stabilized by electrostatic repulsion ( 2008 NPG).
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REVIEW ARTICLE
NATURE NANOTECHNOLOGY DOI: 10.1038/NNANO.2009.58
made by fltration and then dried in air showed good electrical
conductivity (~7,200 S m
1
)
36
.
In other work, an aqueous suspension (7 mg ml
1
) of partially
reduced graphene oxides was produced, under basic conditions, by
hydrazine reduction of KOH-modifed graphene oxides
40
. It was
suggested that the K
+
ions and the carboxylate anions at the edges
of the CMG sheets formed ion pairs. Te electrical conductivity of
air-dried paper made from this material was ~690 S m
1
.
In a third approach
42
, a graphene-based suspension was pro-
duced in three reaction steps: (1) pre-reduction of graphene oxide
by NaBH
4
; (2) sulphonation by aryl diazonium salt of sulphanilic
acid; and (3) post-reduction of aqueous sulphonated graphene
(2 mg ml
1
, pH 310) with hydrazine. Te sulphonated graphene
sheets of step 2 could be dispersed in water (2 mg ml
1
, pH 310),
and afer the post-reduction step the CMG sheets could be dis-
persed in mixed solvents of water with certain organic solvents. It
was suggested that covalent functionalization in the CMG sheets
by sulphonyl groups was occurring. Te electrical conductivity of
the thin evaporated flm on a glass slide afer drying at 120 C was
reported to be 1,250 S m
1
(ref. 42).
A suspension of reduced graphene oxide sheets (some with lat-
eral dimensions of up to ~20 mm 40 mm) in anhydrous hydra-
zine was produced by stirring graphene oxide paper in anhydrous
hydrazine (10 ml for 15 mg of graphite oxide) for one week in a
nitrogen-flled dry box
52
. Te resulting CMG on SiO
2
was reported
to be ~0.6 nm in height, measured by AFM. Te anhydrous
hydrazine thus acts both as a reduction agent of graphene oxide
sheets and as a dispersing solvent in this approach. Te individual
CMG sheets were tested as a feld-efect transistor and showed
p-type behaviour
52
.
Termal treatment of graphite oxide is another route that
has been used to obtain reduced platelets. Rapid heating
(>2,000 C min
1
) up to 1,050 C exfoliates as well as reduces
graphite oxide, yielding a black powder
55,56
. Te platelets have a
similar oxygen content (atomic C/O ratio, 10.3; elemental analysis
by combustion) to that of hydrazine-reduced graphene oxide, and
a powder conductivity in the range of (12.3) 10
3
S m
1
has been
reported
55,56
. Te thermally reduced graphene sheets could be dis-
persed in several organic solvents (0.1 mg ml
1
) and their colloidal
suspension was used to fabricate a set of composites of reduced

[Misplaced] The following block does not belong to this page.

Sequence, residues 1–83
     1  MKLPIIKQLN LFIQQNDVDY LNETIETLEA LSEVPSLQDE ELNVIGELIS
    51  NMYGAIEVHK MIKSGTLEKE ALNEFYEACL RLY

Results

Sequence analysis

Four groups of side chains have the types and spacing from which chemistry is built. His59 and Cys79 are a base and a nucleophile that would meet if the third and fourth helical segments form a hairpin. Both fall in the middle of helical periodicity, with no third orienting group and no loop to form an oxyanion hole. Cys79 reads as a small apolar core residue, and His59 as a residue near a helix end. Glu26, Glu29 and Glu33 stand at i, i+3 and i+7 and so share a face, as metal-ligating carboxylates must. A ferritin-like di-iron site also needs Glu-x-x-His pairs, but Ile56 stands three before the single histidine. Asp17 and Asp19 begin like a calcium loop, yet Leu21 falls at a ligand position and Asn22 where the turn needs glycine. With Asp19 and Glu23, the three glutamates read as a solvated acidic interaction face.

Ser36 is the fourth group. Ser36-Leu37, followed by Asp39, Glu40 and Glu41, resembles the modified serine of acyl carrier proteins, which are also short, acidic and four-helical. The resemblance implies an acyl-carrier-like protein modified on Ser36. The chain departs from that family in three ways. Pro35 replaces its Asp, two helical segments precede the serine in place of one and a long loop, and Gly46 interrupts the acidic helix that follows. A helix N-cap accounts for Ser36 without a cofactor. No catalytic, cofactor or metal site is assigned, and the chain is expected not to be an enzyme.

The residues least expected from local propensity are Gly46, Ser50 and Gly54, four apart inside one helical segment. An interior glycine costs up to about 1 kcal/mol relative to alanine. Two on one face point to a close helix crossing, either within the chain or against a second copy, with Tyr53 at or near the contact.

graphenes and polymers
10
.
Graphenes from other graphite derivatives
Graphite, graphite intercalation compounds or expandable
graphites (which are a particular type of graphite intercalation
compound) have been used as starting materials in obtaining
colloidal dispersions of single-layer graphene sheets. Ideally, the
use of graphite, graphite intercalation compounds or expandable
graphites allows production of dispersions of high-quality graph-
ene sheets (almost pristine graphene; see below). Colloidal sus-
pensions of graphene sheets in organic solvents such as NMP were
obtained by sonication of graphite powder in ref. 59. Although
the concentration (0.01 mg ml
1
) of the suspension and yields
(112 wt%) of single-layer graphene were not high, high-quality
graphene was reported. Good solvents for a homogeneous col-
loidal suspension were classifed using a model that included the
surface energy of graphene and the cohesive energy of the sol-
vent. Measurements on very thin flms made from these sheets
yielded, for example, an electrical conductivity of ~6,500 S m
1
at
~42% of optical transparency. Afer the flms had been dried at
400 C, residual NMP had not been completely removed and was
estimated to be 7% by weight
59
.
In ref. 60, a homogeneous colloidal suspension of graphene
sheets or ribbons was produced by stirring the ternary potassium
salt K(THF)
x
C
24
(which is a graphite intercalation compound) in
NMP. Te sheets or ribbons (length, ~40 mm) were measured to
be 0.350.4 nm thick (ambient scanning tunnelling microscopy
on highly oriented pyrolytic graphite substrate(s) and by ambi-
ent AFM on mica substrate(s)) close to the interlayer separation
in graphite 0.335 nm thick. Te suspension was air sensitive, but
afer drying by being dropped onto a surface, the resulting deposits
were stable when exposed to air.
Polymer-coated graphene sheets in organic solvents obtained
using expandable graphite have been reported in refs 61 and 62.
Commercial expandable graphite was thermally treated at high
temperature (1,000 C) for a short time (1 min)
61
. Further sonica-
tion of the expanded material in dichloroethane solution of poly(m-
phenylenevinylene-co-2,5-dioctoxy-p-phenylenevinylene) (PmPV)
produced a suspension (0.1 mg ml
1
) of semiconducting single-
layer or few-layer CMG nanoribbons (of width less than ~10 nm)
with adsorbed polymer
61
. Another approach taken was exfoliation
by heating at 1,000 C for 1 min, re-intercalation with oleum and
expansion with tetrabutylammonium hydroxide (Fig. 3a)
62
. Te fnal
suspension of graphene sheets, coated in 1,2-distearoyl-sn-glycero-
3-phosphoethanolamine-N-[methoxy(polyethyleneglycol)-5000]
(DSPE-mPEG), was produced by sonication in DMF, with ~90%
of the sheets reported as individual CMG sheets on the basis of
AFM measurements
62
.
An aqueous suspension of organic-molecule-coated graph-
ene sheets using expandable graphite was reported in ref. 63. Te
expandable graphite was rapidly heated to 1,000 C for 1 min and